Evans Cycles has brought Hovis’ iconic ad ‘Boy on Bike’ back to life with the original Hovis boy on an electric bike, 44 years later. The integrated campaign was carried out by digital agency Propellernet, who was tasked with creating awareness around the positive benefits of e-bikes, while also positioning Evans Cycles as a leading authority in this growing market.
The original Hovis boy Carl Barlow, now a 58 year old retired firefighter, is seen finally conquering Gold Hill in Shaftesbury, Dorset, thanks to the power of an electric bike. Ridley Scott’s 1973 production is one of Britain’s most iconic adverts and shows Barlow pushing his bike up the hill to deliver the bread to neighbours. In the 2017 re-run, an e-bike makes light of Gold Hill’s steep incline.
When asked about his experience of the campaign, Carl Barlow commented: “For me returning to Gold Hill after 44 years was kind of strange. When I arrived, there were some people taking photographs, saying to each other – ‘Oh, this is the hill from the advert with the boy pushing the bike up the hill.’ – little did they know, they were standing right next to him!”
Despite the potential for e-bikes to make commuting healthier, happier and more economical, only a quarter of the commuters surveyed during research stage, were aware of what an e-bike is.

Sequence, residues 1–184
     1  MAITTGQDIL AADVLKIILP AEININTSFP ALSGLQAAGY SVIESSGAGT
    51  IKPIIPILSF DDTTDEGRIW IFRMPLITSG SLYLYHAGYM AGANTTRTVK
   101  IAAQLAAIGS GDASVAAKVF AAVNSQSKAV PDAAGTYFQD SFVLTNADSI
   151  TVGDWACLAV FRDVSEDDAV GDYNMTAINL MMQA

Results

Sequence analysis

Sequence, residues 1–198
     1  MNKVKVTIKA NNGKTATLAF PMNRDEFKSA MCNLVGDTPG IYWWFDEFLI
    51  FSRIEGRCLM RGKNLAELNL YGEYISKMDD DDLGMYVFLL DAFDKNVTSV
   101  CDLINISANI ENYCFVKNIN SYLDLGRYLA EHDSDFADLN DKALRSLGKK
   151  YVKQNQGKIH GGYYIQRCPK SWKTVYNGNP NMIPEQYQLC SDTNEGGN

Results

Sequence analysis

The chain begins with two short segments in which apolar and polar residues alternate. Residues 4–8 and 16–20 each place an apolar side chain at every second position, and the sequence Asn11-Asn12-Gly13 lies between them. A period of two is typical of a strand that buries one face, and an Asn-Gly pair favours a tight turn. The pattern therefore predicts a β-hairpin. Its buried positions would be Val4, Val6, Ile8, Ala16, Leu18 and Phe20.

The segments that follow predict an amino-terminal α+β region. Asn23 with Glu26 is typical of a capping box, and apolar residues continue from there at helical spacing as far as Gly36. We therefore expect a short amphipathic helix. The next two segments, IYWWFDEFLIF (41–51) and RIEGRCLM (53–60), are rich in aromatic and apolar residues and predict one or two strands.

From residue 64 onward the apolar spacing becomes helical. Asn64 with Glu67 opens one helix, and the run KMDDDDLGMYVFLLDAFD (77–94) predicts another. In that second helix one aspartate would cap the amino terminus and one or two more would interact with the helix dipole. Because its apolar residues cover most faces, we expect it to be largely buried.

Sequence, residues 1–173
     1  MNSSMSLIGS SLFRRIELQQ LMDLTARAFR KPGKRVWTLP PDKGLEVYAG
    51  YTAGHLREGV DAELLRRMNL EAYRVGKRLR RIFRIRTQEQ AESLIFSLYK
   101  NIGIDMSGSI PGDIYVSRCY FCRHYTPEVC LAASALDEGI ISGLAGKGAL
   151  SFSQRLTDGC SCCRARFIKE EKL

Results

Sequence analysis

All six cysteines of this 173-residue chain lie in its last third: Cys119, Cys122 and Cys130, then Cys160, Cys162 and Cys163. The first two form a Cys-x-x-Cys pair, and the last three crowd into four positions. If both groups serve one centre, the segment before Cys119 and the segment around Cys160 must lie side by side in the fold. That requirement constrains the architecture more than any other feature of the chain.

Evans Cycles ambassador, Sir Chris Hoy, said: “E-bikes are great for people to commute on over distances that they might not be able to manage without an electric motor. In short, they are a nice combination of using your own human power, your own effort and having a bit of assistance too. I think once you’ve ridden an e-bike, you completely get it.”
Joe Natale, commercial director of Evans Cycles, said: “75% of UK commuters not knowing what an e-bike is shows that its currently an unknown solution to many people’s commuting problems. Having also found that hectic, overcrowded public transport is a key frustration for at least one in five commuters, this could now be a thing of the past, and with powerful pedal assist, the worry of arriving to a meeting red-faced and sweat is eliminated.
“We hoped revisiting such a beloved advert, and helping Carl conquer the hill once and for all, will inspire more people to get on two wheels, save on their commuting costs and escape the frustrations of how they currently get to work.”
The campaign reached over 300,000 people and according to Tobias Lancaster, SEO manager at Evans Cycles, “We’ve already seen a significant, positive shift in people’s perceptions of electric bikes on our website and social channels. E-bike content that featured on our site prior to the campaign received negative comments. We’ve seen this take a complete U-turn following the Gold Hill campaign, including plenty of stories about how electric bikes have changed people’s lives.”
Nikki Gatenby, managing director at Propellernet, said: “We wanted to create a campaign that helped Evans Cycles to be on top of Google and front of mind when it comes to e-bikes. We’re not the first to recreate ‘Boy on Bike’, but by blending the old with the new, tapping into the nostalgia of such an iconic advert, and using online customer insights to inform content and promotional activity, we’ve won both hearts and minds for e-bikes.”
From the excellent reach results, this nostalgia clearly works.